Japan radiation stays low down, air travel fine: U.N.
GENEVA (Reuters) - Radiation leaking from a damaged nuclear plant in Japan has not reached the upper atmosphere, leaving air travel safe except for in the immediate area around the plant, a U.N. weather expert said on Friday.
"All our information is that the release is restricted to the very low levels of the atmosphere," said Herbert Puempel, an expert with the United Nations' weather agency the World Meteorological Organization.
"Under the current situation there is no reason to fear for international air travel," he said, adding that there was also no need to screen incoming passengers on flights from Japan.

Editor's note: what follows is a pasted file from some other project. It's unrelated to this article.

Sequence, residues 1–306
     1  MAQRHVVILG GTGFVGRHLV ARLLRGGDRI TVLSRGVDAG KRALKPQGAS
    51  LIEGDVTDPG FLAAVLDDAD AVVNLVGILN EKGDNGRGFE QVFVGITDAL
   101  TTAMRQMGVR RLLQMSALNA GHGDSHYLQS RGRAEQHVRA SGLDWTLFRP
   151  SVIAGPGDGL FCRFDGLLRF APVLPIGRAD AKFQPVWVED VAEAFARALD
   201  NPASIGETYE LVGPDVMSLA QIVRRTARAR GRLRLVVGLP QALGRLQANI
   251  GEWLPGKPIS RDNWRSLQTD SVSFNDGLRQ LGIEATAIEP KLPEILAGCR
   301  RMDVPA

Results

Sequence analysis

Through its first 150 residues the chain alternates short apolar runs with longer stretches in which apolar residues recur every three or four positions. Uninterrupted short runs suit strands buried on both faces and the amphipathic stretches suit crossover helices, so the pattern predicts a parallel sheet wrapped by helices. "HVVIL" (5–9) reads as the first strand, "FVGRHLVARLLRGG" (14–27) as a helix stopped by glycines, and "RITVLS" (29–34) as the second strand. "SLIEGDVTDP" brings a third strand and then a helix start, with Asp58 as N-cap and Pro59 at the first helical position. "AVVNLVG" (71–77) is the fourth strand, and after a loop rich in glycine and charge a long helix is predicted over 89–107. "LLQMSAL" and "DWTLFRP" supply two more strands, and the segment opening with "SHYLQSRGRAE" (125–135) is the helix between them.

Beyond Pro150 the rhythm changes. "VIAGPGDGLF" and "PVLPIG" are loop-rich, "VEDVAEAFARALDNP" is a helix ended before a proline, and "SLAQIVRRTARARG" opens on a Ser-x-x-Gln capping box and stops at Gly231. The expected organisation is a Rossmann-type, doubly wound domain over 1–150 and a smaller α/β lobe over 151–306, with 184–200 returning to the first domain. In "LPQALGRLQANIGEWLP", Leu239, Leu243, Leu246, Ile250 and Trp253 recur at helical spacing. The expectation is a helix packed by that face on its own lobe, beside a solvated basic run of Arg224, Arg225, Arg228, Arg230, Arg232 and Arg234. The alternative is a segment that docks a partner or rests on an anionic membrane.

Puempel also said the cold weather, which has heightened the human misery caused, was now moving away.
"The wintry spell is coming to an end," he said. "Hopefully this could take off a little pressure."
- Exclusive: Radar data suggests missing Malaysia plane deliberately flown way off course - sources
- Investigators focus on foul play behind missing plane: sources |
- Search for Malaysian plane may extend to Indian Ocean - U.S |
- Russia blocks internet sites of Putin critics
- Tire blows out on passenger jet taking off from Philadelphia airport